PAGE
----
Thomas J. Donohue Thomas J. Donohue
Advisor and Former Chief Executive Officer, U.S. Chamber of Commerce


April 10, 2017


New innovations and technologies are fertile ground for economic growth. They lead to startup companies, job creation, and a rush of capital and investment. But once a technology gets big, it’s never long before government regulators and aggressive trial lawyers swoop in to crash the party. Hasty regulations and expansive liability stunt the sector’s growth and slam the brakes on job creation.

When startups and emerging industries are forced to wade through a thicket of new rules or defend against meritless litigation, guess what they can’t do? Innovate. And considering the pace of technological advancement today, standing still is the same as falling behind. The U.S. Chamber of Commerce established C_TEC, the Chamber Technology Engagement Center, to help tech companies navigate these thorny—and often undefined—policy, legal, and regulatory issues. One of the center’s main objectives is to serve as a convener, bringing together entrepreneurs and government leaders to shape the outcomes of technology policy debates.

C_TEC and the U.S. Chamber Institute for Legal Reform recently hosted an event in Silicon Valley focusing on the liability ramifications of emerging technologies. Exciting growth occurs in the new and unregulated spaces of our economy, but we also know that the right legal and regulatory framework plays an important role in making new technologies safe and secure. To discover how to strike the right balance, the event featured three panels on growing sectors of the tech economy: drones, the Internet of Things, and autonomous vehicles. Each panel considered mounting liability issues and discussed how to fend off excessive litigation and rushed regulation.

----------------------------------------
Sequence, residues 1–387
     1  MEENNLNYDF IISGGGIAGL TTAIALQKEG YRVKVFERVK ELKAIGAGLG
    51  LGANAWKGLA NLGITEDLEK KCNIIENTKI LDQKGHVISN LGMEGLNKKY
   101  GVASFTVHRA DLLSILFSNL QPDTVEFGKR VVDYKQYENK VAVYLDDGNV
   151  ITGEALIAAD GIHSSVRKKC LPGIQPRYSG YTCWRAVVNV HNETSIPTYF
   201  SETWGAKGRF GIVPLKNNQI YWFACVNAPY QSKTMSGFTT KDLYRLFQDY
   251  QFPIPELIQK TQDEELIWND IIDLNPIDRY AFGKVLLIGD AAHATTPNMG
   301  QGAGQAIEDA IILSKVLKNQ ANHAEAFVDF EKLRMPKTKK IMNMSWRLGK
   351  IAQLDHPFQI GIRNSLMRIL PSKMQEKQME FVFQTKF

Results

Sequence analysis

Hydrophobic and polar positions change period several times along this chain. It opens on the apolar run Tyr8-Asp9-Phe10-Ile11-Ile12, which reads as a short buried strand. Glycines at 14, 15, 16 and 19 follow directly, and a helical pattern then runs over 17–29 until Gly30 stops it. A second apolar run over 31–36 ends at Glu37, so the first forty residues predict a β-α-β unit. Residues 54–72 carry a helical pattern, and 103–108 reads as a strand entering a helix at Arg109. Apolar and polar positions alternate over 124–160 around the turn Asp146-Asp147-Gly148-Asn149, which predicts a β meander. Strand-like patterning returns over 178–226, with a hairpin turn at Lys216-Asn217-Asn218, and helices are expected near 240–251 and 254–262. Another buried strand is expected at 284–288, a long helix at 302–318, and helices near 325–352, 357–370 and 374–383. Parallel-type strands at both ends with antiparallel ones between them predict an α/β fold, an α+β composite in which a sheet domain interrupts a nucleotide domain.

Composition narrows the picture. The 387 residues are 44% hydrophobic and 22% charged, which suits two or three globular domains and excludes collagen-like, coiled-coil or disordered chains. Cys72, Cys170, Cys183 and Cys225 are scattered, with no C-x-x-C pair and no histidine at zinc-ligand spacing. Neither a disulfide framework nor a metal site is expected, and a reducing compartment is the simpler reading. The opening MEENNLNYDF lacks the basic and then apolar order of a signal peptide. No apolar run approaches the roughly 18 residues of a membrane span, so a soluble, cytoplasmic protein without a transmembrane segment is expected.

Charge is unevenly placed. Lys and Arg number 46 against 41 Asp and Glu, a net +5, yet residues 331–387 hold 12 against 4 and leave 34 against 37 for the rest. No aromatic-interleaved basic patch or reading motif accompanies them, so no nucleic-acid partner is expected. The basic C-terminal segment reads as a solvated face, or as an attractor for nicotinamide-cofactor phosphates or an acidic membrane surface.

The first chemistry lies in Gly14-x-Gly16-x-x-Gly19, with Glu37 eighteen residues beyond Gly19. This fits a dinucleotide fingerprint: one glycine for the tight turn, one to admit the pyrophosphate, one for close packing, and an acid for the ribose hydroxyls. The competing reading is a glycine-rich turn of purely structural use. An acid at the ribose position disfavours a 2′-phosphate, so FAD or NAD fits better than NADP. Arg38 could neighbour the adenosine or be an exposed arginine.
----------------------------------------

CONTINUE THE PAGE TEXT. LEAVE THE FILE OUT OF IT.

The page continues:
The panelists raised the question of who is responsible when a driverless car causes a wreck. Outsize liability in the autonomous vehicle space, particularly during development, could seriously undermine the growth of this technology. Numerous privacy issues related to the Internet of Things were also discussed. How much personal data is the wearable tech on your wrist or the smart security system in your home allowed to store or transmit? The safety issues involving drones, especially as related to the new regulatory framework, also provoked interesting conversation.

These questions and countless others involving new technologies are more than just abstract legal debates; they affect the future of our economy and job creation. The Chamber doesn’t have all the answers, but we can help move the dialogue forward by convening leaders from industry, government, and law to examine the issues and explore solutions.

About the authors

Thomas J. Donohue

Thomas J. Donohue

Thomas J. Donohue is advisor and former chief executive officer of the U.S. Chamber of Commerce.

Read more